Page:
Living in India is a huge advantage yet can be very challenging. The cultural diversity is an inspiring paradise for any artist or designer. Also it has a huge market of more than a billion people. The challenge is the fashion scene. In India, fashion design is not considered an intelligent profession like engineering and law, though now that mind-set is slowly changing. I wouldn’t blame them because anyone can start a boutique, employ a tailor and generate business without any formal education in the field. Which is exactly the reason I wanted to bring in innovative ideas and methods.

In my opinion, a design student’s foundations and basics need to be strong enough for him/her to challenge them in a justified manner through his/her work. The kind of education model that you would find in Japan’s Bunka Fashion College is what will generate designers who are distinctly different from the rest. That should be the sort of education we can provide in the Indian institutes as well. It’s time India moved from a land that is synonymous with just textile and embroidery to one that can fashion intelligent ground-breaking chic clothing, and I intend to contribute to that change.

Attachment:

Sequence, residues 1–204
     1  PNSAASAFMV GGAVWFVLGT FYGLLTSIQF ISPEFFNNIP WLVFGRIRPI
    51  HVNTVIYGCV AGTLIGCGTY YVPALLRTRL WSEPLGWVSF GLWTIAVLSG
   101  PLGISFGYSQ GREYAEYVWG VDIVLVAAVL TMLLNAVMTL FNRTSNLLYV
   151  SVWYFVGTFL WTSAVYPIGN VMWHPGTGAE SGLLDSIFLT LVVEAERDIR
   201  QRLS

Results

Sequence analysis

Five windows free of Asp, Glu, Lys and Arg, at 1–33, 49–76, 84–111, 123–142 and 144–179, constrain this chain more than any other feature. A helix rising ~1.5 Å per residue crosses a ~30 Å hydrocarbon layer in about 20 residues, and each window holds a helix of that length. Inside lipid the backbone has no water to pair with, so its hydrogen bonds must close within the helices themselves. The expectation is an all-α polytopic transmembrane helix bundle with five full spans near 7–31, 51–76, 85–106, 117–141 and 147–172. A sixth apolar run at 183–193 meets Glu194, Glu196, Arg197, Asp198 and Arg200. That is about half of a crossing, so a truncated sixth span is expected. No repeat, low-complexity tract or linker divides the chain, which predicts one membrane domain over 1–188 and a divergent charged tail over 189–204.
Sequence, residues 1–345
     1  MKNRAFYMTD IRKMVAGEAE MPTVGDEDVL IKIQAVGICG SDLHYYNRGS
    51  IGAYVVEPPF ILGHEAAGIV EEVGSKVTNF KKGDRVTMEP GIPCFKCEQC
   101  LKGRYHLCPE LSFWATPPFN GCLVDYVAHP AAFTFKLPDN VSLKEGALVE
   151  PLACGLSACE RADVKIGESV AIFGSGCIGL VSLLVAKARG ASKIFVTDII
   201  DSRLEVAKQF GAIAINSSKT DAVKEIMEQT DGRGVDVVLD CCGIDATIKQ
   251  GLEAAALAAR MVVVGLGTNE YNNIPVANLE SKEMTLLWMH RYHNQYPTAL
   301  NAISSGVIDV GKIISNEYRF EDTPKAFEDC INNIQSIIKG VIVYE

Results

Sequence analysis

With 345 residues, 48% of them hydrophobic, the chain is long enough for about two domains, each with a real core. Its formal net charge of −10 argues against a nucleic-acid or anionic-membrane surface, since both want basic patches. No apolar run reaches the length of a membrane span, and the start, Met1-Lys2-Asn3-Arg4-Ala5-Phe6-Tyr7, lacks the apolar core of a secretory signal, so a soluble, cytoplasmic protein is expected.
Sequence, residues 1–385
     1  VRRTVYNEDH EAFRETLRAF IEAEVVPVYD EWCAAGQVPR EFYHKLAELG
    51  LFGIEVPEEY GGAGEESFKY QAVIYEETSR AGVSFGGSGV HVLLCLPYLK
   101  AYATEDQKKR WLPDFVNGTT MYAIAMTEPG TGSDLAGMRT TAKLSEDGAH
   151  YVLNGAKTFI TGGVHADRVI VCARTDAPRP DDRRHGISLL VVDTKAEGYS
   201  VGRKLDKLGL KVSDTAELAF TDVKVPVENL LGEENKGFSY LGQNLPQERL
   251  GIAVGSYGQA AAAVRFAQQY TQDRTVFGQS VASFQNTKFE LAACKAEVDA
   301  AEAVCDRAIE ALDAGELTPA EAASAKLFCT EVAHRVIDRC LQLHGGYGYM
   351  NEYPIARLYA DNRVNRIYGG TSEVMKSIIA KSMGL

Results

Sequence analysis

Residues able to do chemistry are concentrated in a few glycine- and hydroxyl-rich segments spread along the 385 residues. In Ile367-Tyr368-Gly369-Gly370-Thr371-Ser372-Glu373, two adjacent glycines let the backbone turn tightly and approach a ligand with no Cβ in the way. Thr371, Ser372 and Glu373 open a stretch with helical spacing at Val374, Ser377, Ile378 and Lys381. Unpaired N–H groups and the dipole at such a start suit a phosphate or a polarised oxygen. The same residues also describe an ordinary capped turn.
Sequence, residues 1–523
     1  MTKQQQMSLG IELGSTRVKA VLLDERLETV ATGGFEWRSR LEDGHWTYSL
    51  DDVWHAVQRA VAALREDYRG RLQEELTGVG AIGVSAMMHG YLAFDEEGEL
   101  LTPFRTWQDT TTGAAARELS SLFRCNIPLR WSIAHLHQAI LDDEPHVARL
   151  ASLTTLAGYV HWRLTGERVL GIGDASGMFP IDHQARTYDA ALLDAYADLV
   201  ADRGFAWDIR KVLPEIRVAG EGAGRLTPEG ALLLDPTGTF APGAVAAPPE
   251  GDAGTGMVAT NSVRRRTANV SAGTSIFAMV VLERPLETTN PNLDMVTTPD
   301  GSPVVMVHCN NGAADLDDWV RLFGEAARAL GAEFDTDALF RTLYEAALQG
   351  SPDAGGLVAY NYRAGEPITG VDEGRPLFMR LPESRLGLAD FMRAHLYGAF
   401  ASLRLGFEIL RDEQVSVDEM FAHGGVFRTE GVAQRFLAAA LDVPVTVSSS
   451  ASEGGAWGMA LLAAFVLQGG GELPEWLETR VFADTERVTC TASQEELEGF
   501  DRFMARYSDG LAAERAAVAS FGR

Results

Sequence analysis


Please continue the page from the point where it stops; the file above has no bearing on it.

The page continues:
What experiences have you taken from your studies in fashion to the real world?

The most vital skill that design school teaches you is multi-tasking and thereby time-management. It’s a balancing act between doing research, analysing your market, designing your collection, working on graphics, creating a portfolio, getting the styling right, knowing the kind of photoshoot and advertising you want…this is the skill that actually gets you through in the real world where the deadlines are crazy and work hours are erratic.